Dear readers and supporters,

During the month of September, HTRIP furthered its mission of teaching local farmers in the Artibonite about the making and benefits of organic compost by helping all of its outreach communities to put up a compost pile for their tree nurseries. At each of the composting konbit in the different communities, people came together to participate and learn about all the organic ingredients such as animal manure, dry leaves, and other debris from their agricultural fields that they can use to make organic compost.

At HTRIP, we highly encourage the farmers to add animal manure from poultry, horse, goat, and cattle in their organic compost because they are easy to find locally, and they also provide a great amount of nitrogen, phosphorus, and potassium (N, P, K) – the three essential nutrients for plant growth.

In addition, HTRIP together with MODEVKV (the HTRIP association for leaders of the communities with over 5 years in the program) led a set of pruning konbits in 26 HTRIP tree plots. These plots are part of the shade-crops research project on yam and passion fruit, and the pruning will increase the amount of sunlight inside the plots for these crops. This shade-crops research is part of HTRIP’s strategy to establish the Phase II of the HTRIP program collaboratively with the leaders of MODEVKV in order to help develop a sustainable Agroforestry model in the Artibonite that focuses on trees associated with shade crops. Pruning and/or pollarding (action of removing upper branches of trees) is one of the techniques that is being taught in the HTRIP training session about tree care, and HTRIP strongly advises tree plot owners to use branches from pruning and/or pollarding to make charcoal instead of cutting down the whole tree.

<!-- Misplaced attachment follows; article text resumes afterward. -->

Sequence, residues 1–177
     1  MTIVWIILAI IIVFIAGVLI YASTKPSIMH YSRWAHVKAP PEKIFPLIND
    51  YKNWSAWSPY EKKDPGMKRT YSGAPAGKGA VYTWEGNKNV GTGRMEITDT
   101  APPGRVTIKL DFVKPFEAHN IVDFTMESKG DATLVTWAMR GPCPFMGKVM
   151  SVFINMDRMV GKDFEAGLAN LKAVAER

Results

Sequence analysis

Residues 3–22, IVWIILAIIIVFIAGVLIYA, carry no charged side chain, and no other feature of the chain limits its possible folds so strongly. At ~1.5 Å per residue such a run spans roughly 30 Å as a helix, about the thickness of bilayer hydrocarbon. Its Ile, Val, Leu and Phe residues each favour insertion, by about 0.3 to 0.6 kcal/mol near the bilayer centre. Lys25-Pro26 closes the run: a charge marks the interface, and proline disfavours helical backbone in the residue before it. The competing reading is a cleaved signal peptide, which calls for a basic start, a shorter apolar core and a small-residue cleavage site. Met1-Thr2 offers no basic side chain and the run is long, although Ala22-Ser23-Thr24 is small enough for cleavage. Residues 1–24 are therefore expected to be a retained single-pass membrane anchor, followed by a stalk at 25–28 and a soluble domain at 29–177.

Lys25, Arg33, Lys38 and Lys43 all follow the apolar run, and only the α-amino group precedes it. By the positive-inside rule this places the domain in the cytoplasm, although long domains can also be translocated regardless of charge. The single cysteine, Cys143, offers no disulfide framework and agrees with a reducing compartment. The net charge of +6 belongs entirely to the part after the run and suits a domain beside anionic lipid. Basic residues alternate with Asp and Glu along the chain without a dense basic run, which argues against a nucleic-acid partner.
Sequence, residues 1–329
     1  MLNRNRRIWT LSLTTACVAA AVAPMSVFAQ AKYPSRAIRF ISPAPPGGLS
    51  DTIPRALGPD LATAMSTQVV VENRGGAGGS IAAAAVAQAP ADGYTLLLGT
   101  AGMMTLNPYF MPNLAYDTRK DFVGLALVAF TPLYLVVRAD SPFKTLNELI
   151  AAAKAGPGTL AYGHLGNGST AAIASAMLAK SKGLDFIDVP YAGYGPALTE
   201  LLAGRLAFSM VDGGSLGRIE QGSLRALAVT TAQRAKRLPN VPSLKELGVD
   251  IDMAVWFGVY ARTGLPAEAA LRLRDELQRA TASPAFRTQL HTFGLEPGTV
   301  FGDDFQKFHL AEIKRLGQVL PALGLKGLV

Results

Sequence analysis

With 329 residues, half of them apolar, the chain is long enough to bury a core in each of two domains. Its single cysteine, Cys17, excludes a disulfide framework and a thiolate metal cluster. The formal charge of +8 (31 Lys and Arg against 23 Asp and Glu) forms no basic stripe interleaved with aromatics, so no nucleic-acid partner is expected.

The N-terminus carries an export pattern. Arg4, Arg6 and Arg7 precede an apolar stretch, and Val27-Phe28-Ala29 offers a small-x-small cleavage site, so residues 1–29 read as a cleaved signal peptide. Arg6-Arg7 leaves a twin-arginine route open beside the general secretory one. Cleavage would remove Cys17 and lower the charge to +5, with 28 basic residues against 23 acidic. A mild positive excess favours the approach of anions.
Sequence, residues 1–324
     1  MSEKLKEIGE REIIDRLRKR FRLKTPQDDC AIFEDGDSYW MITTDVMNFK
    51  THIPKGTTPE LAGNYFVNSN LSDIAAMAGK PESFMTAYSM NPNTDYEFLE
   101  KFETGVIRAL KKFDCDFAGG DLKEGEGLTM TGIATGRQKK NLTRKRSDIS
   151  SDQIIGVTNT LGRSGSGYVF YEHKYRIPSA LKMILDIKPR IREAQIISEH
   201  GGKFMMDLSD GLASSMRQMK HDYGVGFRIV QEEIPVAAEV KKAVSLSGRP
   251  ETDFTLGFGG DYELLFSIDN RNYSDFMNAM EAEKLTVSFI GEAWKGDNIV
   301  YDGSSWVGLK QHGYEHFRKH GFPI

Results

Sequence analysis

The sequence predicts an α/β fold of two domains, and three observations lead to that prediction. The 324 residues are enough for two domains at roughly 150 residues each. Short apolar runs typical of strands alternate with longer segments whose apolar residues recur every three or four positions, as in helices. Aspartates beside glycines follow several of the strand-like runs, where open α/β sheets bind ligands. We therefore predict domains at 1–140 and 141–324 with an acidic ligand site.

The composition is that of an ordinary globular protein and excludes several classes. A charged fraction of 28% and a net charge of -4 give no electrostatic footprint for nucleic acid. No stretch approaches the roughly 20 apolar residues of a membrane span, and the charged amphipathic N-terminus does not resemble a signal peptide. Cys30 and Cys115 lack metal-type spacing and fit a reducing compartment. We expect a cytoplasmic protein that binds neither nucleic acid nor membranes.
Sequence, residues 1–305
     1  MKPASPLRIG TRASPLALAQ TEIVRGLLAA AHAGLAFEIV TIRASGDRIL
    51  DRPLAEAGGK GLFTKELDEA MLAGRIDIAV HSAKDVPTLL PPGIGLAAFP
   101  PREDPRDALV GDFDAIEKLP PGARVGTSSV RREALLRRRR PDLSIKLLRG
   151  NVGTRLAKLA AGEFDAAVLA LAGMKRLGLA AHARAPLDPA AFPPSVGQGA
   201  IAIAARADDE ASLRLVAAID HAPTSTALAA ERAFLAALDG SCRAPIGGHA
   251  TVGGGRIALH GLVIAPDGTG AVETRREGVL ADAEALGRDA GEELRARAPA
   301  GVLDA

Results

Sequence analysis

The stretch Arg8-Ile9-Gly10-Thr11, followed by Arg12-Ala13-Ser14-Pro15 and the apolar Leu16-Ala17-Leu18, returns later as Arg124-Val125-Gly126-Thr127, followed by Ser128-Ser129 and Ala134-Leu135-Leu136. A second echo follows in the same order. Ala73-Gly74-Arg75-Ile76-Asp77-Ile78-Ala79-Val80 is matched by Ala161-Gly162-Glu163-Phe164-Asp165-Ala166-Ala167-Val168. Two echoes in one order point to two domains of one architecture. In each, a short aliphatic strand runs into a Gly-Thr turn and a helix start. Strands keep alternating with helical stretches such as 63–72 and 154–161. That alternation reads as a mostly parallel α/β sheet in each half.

Besides assisting different konbits and delivering training sessions in the communities, the technicians were also able to run a complete tool inventory in all HTRIP community nurseries. Each year, HTRIP supports groups of farmers involved in its program with tools and food for soil conservation and other additional materials such as watering pots, seed-germination trays, and wheelbarrows for seedling production. In some cases, we even carry trucks of dirt to communities that are extremely eroded and where soil is hard to find. We look forward to start collecting/recycling the small empty water bags from local people for the use of our nurseries.

For this 2014-2015 cycle, we once again renew our goal to help every community involved in our program to produce at least 7,000 seedlings each. With all of the community nurseries and central nurseries combined, we will be able to produce about 400,000 seedlings to be planted in the Artibonite region during summer 2015. We thank you for your continuous support, and we please ask you to stay committed to us in our mission to look for feasible options to reduce deforestation in Haiti while taking into account how difficult it is for subsistence farmers in Haiti to make a living on degraded soil.

Thank you, The HTRIP staff including Melissa Sanon and Dawn Johnson